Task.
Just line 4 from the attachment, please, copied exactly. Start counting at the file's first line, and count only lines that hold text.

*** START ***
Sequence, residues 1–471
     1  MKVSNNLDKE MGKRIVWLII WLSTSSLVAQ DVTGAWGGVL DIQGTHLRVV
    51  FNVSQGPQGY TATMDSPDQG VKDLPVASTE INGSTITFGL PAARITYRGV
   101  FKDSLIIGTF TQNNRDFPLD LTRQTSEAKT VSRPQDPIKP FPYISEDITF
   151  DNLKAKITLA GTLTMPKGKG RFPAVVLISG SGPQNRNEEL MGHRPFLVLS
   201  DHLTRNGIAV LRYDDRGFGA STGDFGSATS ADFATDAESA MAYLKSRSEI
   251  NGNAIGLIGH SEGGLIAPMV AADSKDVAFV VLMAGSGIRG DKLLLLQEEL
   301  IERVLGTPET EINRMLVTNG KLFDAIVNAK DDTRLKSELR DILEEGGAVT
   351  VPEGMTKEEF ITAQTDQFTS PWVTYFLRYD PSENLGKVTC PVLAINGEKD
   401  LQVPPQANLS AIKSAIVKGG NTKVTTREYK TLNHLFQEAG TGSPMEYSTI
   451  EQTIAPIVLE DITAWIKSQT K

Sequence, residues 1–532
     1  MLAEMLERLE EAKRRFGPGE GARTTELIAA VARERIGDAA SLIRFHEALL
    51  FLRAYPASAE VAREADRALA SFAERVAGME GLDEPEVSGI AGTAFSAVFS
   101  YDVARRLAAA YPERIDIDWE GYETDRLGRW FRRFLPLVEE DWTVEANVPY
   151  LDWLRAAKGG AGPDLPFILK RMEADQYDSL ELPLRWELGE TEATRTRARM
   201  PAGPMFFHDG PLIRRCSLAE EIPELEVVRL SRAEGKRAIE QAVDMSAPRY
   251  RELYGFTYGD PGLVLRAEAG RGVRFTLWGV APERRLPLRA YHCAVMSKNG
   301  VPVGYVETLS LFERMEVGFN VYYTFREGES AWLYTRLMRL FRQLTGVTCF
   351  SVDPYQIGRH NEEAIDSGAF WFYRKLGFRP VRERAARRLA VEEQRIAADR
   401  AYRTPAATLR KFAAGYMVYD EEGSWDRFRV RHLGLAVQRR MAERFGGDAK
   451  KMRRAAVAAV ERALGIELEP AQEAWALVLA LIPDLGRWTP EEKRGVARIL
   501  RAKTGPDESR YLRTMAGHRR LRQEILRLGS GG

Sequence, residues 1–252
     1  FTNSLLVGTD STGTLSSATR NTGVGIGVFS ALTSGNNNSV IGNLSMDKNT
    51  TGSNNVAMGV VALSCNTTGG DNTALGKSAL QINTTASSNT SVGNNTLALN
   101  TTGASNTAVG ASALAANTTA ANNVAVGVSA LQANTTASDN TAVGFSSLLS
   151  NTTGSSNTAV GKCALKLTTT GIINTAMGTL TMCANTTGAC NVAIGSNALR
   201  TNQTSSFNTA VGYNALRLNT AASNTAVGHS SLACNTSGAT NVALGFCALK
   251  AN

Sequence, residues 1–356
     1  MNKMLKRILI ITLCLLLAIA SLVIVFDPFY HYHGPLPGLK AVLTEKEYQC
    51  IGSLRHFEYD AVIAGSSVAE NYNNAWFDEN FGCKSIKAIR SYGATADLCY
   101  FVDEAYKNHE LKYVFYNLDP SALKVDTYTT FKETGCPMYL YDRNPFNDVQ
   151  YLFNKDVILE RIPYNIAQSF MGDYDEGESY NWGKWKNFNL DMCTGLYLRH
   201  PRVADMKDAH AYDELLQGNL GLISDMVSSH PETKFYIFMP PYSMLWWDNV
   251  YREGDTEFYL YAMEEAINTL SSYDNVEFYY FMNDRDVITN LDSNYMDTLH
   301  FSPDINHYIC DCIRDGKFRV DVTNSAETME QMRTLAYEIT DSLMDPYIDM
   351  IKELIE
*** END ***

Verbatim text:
   101  FKDSLIIGTF TQNNRDFPLD LTRQTSEAKT VSRPQDPIKP FPYISEDITF